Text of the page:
Saquon Barkley a bust? Think again, as while the No. 1 overall pick in the preseason (1.3 ADP) on average in ESPN leagues finished only 10th at his position in either PPR (244.1 points) or non-PPR scoring (192.1) in scoring, he did elevate his performance enough to contribute to fantasy teams down the stretch. Barkley's 196.0 PPR points from Week 7, his first back from an ankle injury, forward were fourth most among running backs, and he had 104.6 points from Weeks 14-17 to place second at the position. He'll enter 2020 as my No. 2 overall selection.

In a big season by the Patriots D/ST, don't overlook the Steelers' contribution: The 181 fantasy points scored by the Steelers were second most in 2019, 44 behind the Patriots' league-leading total, but they also tied for the 10th-largest total of the decade. In fact, in the past five seasons alone, only the 2019 Patriots (225), 2017 Jaguars (208), 2018 Bears (188) and 2015 Broncos (185) scored more.

A change of scenery helped Ryan Tannehill break out: He took over as the Titans' quarterback in Week 7 and promptly scored 220.0 fantasy points in 10 starts the remainder of the year, a significant contribution for a player scooped up off the waiver wire in almost every league (0.3% rostered entering Week 1). That was the third-most points among quarterbacks during that 11-week span, trailing only Jackson's 263.4 and Fitzpatrick's 222.2.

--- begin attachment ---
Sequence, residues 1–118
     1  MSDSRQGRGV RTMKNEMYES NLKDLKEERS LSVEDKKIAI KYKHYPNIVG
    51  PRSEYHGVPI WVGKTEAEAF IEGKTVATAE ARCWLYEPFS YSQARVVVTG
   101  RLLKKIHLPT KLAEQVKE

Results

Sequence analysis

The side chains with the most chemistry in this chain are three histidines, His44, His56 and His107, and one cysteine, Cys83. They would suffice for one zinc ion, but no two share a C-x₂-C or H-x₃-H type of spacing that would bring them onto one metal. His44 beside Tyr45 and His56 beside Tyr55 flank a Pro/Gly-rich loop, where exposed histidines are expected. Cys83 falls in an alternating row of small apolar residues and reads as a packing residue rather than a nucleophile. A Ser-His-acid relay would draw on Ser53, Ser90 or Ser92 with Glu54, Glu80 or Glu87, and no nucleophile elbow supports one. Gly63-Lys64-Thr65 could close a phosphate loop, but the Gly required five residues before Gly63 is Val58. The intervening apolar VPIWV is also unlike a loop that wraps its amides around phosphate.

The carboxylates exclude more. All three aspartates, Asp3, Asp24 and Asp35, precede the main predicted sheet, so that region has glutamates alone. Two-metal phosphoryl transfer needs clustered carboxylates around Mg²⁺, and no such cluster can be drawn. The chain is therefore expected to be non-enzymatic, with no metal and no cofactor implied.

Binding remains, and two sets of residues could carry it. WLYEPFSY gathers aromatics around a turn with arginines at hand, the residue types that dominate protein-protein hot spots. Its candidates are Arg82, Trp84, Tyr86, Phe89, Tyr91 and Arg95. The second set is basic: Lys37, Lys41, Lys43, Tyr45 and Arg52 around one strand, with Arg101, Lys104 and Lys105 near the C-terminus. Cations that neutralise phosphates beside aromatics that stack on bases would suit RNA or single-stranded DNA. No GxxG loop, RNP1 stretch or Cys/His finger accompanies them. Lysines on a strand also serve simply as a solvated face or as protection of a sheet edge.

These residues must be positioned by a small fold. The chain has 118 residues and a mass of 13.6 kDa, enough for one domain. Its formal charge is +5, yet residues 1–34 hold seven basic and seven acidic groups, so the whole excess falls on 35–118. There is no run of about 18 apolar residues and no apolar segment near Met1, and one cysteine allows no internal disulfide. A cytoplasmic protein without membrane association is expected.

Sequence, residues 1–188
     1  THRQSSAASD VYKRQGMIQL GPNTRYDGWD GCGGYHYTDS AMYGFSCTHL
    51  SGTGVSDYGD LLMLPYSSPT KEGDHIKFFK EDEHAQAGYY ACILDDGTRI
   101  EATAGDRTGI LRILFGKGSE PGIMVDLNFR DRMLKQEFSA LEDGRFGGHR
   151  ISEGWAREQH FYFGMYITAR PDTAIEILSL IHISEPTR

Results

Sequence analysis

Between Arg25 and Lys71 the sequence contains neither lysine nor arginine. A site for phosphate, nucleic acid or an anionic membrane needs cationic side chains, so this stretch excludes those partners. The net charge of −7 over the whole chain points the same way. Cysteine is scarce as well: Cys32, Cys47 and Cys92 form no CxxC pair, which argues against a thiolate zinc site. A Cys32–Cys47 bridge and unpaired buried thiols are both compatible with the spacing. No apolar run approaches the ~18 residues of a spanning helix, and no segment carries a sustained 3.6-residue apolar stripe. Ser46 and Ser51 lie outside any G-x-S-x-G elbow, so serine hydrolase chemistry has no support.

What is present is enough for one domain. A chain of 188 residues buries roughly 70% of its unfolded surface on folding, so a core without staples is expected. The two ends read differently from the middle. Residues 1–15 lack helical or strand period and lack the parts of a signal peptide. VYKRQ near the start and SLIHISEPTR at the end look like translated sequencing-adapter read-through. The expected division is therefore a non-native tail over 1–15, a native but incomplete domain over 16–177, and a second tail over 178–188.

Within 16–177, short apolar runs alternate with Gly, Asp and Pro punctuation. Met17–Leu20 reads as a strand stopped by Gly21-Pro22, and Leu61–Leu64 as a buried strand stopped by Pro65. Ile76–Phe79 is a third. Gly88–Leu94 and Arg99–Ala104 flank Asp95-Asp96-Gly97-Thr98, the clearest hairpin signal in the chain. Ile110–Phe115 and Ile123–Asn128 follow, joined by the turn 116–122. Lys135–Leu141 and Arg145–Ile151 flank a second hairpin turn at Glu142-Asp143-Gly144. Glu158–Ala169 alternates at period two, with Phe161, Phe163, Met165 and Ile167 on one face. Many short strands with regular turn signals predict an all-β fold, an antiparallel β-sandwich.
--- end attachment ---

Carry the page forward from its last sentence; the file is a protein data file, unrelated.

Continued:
Wait, then what about Fitzpatrick? That's true, Ryan Fitzpatrick was also one of the most productive late-season quarterbacks whom you could've scooped up off the waiver wire (2.5% rostered entering Week 1). From Week 9 forward, the only three players -- that's at any position, not just quarterbacks -- to score more than the 190.3 fantasy points that Fitzpatrick did were McCaffrey (262.4), Jackson (240.1) and Thomas (191.0).

That meant big things for DeVante Parker too: After years of being labeled a "fantasy breakout" candidate, Parker finally came through, especially during the second half of 2019. His 154.2 PPR fantasy points from Week 9 forward were second best among wide receivers behind only Thomas' 191.0.